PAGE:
Questions from the field:

Your boss wants you
to “sample 10% of the land base”. By this he means that
he wants to install sample plots into stands, and those __stands__
added up to 10% of the land base. **How could these stands be
chosen from an overall total of N acres****?**

First or all, let’s
be clear. This 10% does __not__ imply “how good” the
answer will be. It might be comforting to know you traveled over 10%
of the land base, but that is just good psychology – not good
sampling theory. Psychology, of course, is not to be discounted in
an inventory business that provides comfort and security of action.
**The precision of the work is given by the correct Sampling
Error of that inventory.** Nothing else. Repeat –

Some companies want
to put in grid samples that cover entire stands. They might have a
budget for 500 plots. At 1 plot per acre, this means covering
500 acres. The Sampling Error will not be as good as 500 individual
plots spread over the entire ownership, but it will also not be as
expensive. How can they choose polygons adding up to this 500
acres** **?
**One valid way to do this is to divide the entire area into X
“packages” of stands**, __each__ of which totals to
about 500 acres. __Then sample one package__.

You *could*
sample randomly until you put together 500 acres, then start to put
together another package. Continue doing this for the entire
ownership. You now have X packages of approximately 500 acres
apiece. If you have 4,859 acres to work with, you can divide them
into 10 packages with *about* the right number of acres. You
can also divide them into 20 packages and choose 2 of them, but let’s
just use 10 for the moment.

**What do you
conclude after you sample
that package ?**
If that package averages 60,000 BF/acre, you would conclude that the
whole ownership has about that average volume. This method could
also be done by strata, of course.

**How do you
properly select one of these packages **?
The best way to do that is to choose a random number between
0 and N. That random number indicates a particular acre.
The stand that acre falls into also indicates which package to
sample^{1}.
Determine that by looking at the running average of all the acres in
your area (illustrated in the spreadsheet you can download). In this
way, each package is chosen proportional to its total area, even when
the packages do not have exactly the same acres.

**Are there better
ways to put the packages together**? Certainly so. If you have a
rough idea of the volume per acre, “balance” the packages
so they have a variety of volumes/acre. Like any systematic sample,
this will almost certainly produce a better average than a random
selection. If you sort the acres by volume, then choose every 10^{th}
stand, you will get a good initial mix inside the packages. Each
package will *not* be exactly 485.9 (= 4,859/10) acres when you
are done.

**Can you shift
acres to equalize the packages **?
You can. You can __arbitrarily__ shift acres from one of the
packages with too much area into one with less (this is *before*
you choose the package to sample, of course).

**How about really
large stands **?
You should probably break them up into smaller ones by the use of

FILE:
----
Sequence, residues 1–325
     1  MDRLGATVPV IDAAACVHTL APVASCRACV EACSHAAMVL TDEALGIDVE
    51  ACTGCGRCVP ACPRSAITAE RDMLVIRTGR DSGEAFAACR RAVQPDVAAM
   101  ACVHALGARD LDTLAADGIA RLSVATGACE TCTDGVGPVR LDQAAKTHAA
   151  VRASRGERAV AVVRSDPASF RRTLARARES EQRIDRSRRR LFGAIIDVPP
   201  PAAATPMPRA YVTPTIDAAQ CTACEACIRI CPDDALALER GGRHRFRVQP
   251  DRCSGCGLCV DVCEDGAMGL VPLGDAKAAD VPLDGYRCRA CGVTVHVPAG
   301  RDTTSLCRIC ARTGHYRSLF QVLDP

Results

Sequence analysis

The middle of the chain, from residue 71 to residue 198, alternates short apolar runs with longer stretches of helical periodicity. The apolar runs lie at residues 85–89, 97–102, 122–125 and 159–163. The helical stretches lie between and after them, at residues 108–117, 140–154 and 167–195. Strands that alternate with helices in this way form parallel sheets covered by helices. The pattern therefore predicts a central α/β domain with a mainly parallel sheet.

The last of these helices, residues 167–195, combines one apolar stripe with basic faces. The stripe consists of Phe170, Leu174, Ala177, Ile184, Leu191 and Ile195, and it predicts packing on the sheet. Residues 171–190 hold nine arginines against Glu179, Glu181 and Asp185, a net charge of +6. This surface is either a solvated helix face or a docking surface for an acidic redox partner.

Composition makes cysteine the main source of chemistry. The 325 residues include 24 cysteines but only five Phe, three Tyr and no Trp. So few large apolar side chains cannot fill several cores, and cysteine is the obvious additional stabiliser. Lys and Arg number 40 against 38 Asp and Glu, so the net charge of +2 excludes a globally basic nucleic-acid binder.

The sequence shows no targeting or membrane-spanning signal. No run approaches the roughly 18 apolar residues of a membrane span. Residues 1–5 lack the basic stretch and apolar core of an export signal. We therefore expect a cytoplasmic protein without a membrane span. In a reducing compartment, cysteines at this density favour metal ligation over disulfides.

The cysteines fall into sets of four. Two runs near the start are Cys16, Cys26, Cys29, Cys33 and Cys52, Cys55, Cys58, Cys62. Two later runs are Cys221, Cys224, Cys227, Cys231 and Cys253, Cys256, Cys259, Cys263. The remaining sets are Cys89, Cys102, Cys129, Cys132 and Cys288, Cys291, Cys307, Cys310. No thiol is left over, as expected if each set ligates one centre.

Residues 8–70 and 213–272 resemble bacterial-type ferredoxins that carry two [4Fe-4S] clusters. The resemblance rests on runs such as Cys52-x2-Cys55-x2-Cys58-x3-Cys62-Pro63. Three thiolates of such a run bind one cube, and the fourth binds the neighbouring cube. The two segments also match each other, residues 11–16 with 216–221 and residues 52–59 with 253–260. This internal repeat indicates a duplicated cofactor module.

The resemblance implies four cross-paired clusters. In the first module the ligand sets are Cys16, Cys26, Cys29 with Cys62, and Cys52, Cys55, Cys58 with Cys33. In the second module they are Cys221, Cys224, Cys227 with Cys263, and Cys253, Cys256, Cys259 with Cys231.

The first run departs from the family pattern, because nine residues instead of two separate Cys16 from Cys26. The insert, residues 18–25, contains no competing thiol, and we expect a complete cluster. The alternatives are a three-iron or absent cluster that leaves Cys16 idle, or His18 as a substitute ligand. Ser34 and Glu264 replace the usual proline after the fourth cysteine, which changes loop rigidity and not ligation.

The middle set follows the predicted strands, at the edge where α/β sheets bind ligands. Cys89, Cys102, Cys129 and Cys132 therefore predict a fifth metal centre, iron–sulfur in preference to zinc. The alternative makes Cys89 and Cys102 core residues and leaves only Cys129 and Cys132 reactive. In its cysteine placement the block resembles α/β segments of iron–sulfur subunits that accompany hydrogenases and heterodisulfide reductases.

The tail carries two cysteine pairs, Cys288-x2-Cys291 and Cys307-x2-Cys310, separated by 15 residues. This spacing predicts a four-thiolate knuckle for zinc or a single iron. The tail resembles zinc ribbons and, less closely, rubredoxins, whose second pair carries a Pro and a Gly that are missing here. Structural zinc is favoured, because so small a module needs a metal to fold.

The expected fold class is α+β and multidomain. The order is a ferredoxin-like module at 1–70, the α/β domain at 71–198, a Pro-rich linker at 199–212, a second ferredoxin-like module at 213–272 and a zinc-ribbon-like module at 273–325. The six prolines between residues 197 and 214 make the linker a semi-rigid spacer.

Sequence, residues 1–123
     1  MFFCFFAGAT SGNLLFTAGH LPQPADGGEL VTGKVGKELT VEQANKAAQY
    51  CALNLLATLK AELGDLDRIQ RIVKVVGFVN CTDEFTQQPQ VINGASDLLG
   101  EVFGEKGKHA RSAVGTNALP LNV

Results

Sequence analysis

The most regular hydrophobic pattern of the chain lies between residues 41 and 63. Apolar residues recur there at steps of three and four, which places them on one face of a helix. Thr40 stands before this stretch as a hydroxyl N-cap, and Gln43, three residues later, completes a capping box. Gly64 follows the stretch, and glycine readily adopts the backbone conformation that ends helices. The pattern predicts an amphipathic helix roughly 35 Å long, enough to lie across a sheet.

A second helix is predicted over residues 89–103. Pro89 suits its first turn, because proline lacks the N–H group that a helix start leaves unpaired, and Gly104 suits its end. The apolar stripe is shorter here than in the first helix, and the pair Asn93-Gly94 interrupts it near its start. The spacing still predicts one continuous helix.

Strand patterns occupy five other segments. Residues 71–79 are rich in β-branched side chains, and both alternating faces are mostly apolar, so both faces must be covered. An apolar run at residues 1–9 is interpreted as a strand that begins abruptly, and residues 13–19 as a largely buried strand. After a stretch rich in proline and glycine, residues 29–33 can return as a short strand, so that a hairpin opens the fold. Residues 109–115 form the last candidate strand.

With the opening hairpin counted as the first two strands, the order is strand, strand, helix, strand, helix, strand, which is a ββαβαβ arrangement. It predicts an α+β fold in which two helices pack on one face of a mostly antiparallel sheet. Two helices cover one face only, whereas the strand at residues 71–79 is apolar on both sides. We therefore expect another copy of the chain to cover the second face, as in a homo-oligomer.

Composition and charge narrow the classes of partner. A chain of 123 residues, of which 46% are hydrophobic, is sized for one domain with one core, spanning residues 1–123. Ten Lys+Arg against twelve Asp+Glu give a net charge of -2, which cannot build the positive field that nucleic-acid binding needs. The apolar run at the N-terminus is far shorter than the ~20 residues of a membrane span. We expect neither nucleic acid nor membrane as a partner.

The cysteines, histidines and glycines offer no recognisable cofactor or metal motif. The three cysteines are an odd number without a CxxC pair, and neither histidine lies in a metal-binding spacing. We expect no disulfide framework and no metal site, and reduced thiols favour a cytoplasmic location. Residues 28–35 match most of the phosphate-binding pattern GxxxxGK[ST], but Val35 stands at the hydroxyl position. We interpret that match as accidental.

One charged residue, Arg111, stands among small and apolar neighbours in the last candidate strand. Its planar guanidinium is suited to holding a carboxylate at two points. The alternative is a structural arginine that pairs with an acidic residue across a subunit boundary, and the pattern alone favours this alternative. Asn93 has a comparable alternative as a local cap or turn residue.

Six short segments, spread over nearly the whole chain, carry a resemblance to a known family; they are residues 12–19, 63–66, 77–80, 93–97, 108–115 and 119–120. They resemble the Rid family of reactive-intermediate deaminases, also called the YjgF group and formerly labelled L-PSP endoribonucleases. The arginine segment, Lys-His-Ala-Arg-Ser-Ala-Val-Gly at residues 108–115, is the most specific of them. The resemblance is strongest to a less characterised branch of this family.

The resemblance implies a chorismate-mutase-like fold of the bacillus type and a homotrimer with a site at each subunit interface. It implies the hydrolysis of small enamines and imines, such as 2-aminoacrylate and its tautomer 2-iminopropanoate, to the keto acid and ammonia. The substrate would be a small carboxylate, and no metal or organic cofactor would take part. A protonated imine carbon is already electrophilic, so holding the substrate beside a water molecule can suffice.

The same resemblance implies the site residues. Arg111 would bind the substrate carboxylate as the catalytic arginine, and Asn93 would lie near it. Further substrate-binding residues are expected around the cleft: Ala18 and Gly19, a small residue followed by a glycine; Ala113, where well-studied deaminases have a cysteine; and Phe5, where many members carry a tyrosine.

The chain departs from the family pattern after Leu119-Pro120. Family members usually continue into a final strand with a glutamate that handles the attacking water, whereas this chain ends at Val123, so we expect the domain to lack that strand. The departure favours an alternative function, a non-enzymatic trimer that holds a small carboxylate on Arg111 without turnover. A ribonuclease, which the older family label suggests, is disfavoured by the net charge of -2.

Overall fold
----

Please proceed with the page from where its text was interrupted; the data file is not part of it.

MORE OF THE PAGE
roads or other visible features such as streams. You do __not__
want just a few stands to dominate the results in your sample
package.

The Sampling Error
of such a process is only going to be approximate, since it is a
systematic sample, but there is such a large advantage over a random
sample that you probably do not want to sacrifice a better answer for
more appropriate statistics. One of the advantages of sampling 3
small packages instead of one large one is that **you can get a
valid sampling error using the 3 averages** from the packages (if
you are really *fixated* on this sort of thing). These are just
3 observations, and you do the standard statistics to get a valid
Sampling Error.

**Why not just
randomly choose stands** **until you get enough acres**** ?**
You could, but with this system you can insure that the packages
have a good mix by approximate volume, cost to sample, rough site
index and any other characteristic you want *before* you choose
the final package. This kind of process is not hard to do with a
simple spreadsheet. You can download a
spreadsheet showing an example of this process *HERE***
**.

This is not particularly a sampling system we like, but it did come up as a practical question, and we thought it illustrated some interesting points. The reason that it is not efficient is that the samples are not spread out, but highly clustered into a few stands. Good for travel cost and efficiency (and for the answer in those stands), but not as good for estimating the overall inventory total.

This technique would be much more efficient if you were sampling “to correct” an initial estimate of the stands in the sample package, such as a photo-interpretation or a previous estimate from an older inventory. As we have pointed out in the past, how you use the data is just as important as the number of plots and expense you apply to the problem.

Like so many things in forest inventory, sample design is a balancing act.

1 You could also choose a random point in a rectangle surrounding your property. If the point falls into your land it also chooses a stand (and therefore a package) with the correct probability.

*Originally
published March, 2005*